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Lewis can't catch Tseng this time; No Grand Slam for Nabisco champ

The gap was too big for Stacy Lewis at the Wegmans LPGA Championship on Sunday.

In April, Lewis overcame a two-shot deficit and defeated Yani Tseng, the world's No. 1 ranked golfer, by three strokes in the final round of the Kraft Nabisco Championship. Lewis, 15th in the world rankings, had an eight-stroke slope to climb on Sunday and came up short in her attempt to keep alive her chances of a major grand slam.

The three-year pro shot a 1-under 71 to finish the tournament at 6-under in a tie for sixth at Locust Hill Country Club.

"I played solid again today, but I left a lot out there like I have all week," Lewis said. "Every round I left three or four shots out there. Kind of frustrating, but it was still a good finish."

Lewis was winless heading into the start of the LPGA season, but is in the middle of a career year. The defeat of Tseng was a defining moment, but her sixth-place finish gives her $538,064 in earnings on the year, just short of her career high from last year ($566,401) with half of the season still to come.

Lewis now has five top-ten finishes in her 12 career majors and has the lowest scoring average she has had in her three years as a pro.

"It's probably been my best year in my career so far," Lewis said. "I just have to go out there and try and win again."

On Sunday, Lewis started her day with birdies on holes three and five and looked as if she was primed for the second spot behind Tseng. A bogey on the par-5 eighth was a set back, but she countered it with another birdie on the par-3 ninth to get into a three-way tie with Morgan Pressel and Paula Creamer at 7-under heading into the final nine holes.

On the back, two bogeys and a birdie on the par-5 eleventh was all she could muster. Lewis said that she had some missed opportunities throughout the tournament but was optimistic about moving forward.

"I know I left a lot out there, but I told my caddie when we were coming into 18 that I did a lot of good things this weekend," Lewis said. "I had a lot of good momentum to take into next week."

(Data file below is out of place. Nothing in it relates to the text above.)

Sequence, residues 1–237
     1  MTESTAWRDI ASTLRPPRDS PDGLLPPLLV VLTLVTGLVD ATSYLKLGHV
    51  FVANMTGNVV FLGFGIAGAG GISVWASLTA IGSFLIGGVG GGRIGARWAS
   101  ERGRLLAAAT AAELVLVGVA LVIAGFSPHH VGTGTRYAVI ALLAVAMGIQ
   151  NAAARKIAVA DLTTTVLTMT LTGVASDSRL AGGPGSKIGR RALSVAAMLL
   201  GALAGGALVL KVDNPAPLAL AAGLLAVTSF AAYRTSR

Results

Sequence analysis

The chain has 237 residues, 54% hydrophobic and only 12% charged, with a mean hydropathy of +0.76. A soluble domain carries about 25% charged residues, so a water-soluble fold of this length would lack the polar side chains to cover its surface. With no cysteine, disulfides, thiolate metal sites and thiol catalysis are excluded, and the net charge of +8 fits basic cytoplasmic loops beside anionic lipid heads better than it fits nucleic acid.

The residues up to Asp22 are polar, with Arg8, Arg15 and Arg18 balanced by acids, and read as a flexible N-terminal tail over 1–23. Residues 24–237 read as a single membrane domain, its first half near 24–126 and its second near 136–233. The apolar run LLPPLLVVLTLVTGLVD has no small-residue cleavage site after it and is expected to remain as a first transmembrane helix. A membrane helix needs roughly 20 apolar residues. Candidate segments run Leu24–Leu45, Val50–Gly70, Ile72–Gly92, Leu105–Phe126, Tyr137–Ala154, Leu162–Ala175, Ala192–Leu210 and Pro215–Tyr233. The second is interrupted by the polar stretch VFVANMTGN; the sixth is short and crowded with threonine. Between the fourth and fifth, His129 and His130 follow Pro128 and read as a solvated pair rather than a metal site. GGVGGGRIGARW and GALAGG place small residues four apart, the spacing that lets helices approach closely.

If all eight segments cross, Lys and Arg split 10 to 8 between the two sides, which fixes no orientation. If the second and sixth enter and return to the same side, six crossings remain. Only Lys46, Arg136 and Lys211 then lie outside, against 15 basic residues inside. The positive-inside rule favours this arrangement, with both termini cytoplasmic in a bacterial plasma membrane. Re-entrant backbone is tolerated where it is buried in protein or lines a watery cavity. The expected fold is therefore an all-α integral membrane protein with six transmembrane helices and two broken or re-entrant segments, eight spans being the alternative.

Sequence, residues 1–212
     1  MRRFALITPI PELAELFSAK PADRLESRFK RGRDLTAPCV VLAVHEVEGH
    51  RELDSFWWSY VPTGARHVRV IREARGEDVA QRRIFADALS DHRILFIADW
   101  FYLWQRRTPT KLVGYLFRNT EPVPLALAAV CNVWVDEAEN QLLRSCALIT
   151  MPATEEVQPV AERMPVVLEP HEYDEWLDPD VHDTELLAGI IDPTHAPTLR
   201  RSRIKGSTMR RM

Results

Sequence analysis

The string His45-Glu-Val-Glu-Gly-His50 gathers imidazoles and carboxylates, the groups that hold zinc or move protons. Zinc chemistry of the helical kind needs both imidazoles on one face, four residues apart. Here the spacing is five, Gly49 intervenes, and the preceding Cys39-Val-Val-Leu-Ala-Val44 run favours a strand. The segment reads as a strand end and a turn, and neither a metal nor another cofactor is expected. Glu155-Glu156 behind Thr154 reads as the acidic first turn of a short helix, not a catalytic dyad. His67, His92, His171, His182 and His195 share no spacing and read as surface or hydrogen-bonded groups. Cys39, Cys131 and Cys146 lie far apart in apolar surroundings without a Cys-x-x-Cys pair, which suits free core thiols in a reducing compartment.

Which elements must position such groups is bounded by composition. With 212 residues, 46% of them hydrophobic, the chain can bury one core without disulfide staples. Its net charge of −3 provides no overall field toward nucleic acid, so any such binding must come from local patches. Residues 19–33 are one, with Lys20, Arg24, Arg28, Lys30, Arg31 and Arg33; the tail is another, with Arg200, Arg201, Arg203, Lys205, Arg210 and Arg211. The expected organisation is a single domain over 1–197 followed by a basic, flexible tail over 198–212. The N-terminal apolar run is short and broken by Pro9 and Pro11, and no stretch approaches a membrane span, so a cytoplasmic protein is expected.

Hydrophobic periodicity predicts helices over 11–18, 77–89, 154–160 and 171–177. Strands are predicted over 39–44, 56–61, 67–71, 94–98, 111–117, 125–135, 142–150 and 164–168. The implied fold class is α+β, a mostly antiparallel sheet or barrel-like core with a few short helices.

The 26-year-old's success is made even more impressive considering she wore a back brace 18 hours a day for 7 1/2 years of her life. Lewis was 11 when she got the brace and only removed it to play golf.

She had back surgery during her senior year in high school that forced her to redshirt one year before joining the University of Arkansas women's golf team in 2005. She was named an All-American four times at Arkansas and was the 2007 NCAA Division I National Champion.

But after two years of obscurity on the tour, Lewis's major championship has spread her story and transformed her into one of the more recognizable players.

"I get a lot more questions [from the media] and people know who I am," Lewis said. "I was just happy the way I played because I got the grand slam questions and all that. I was just happy with the way I came out."

Tseng's dominant performance this past week offers a bleak outlook for the rest of the players on the tour this year. But if anyone knows what it takes to take down Tseng, it's Lewis. Lewis said she thought Tseng was untouchable on Sunday and thinks this week's championship served as an ultimatum for the rest of the players on the tour.

"We have to get better," said Lewis of the rest of the LPGA field. "For me it's putting, I need to make some more putts. I've hung with her for four days and beat her. I mean I know I can play with her."